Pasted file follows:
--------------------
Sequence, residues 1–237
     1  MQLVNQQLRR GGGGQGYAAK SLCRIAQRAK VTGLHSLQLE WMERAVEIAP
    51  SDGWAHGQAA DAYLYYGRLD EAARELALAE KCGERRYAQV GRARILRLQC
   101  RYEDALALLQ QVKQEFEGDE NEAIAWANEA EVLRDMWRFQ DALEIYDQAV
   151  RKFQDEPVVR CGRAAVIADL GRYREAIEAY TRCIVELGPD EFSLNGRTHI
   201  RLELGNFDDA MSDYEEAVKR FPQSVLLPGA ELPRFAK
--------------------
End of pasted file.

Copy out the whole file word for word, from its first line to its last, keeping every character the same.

Sequence, residues 1–237
     1  MQLVNQQLRR GGGGQGYAAK SLCRIAQRAK VTGLHSLQLE WMERAVEIAP
    51  SDGWAHGQAA DAYLYYGRLD EAARELALAE KCGERRYAQV GRARILRLQC
   101  RYEDALALLQ QVKQEFEGDE NEAIAWANEA EVLRDMWRFQ DALEIYDQAV
   151  RKFQDEPVVR CGRAAVIADL GRYREAIEAY TRCIVELGPD EFSLNGRTHI
   201  RLELGNFDDA MSDYEEAVKR FPQSVLLPGA ELPRFAK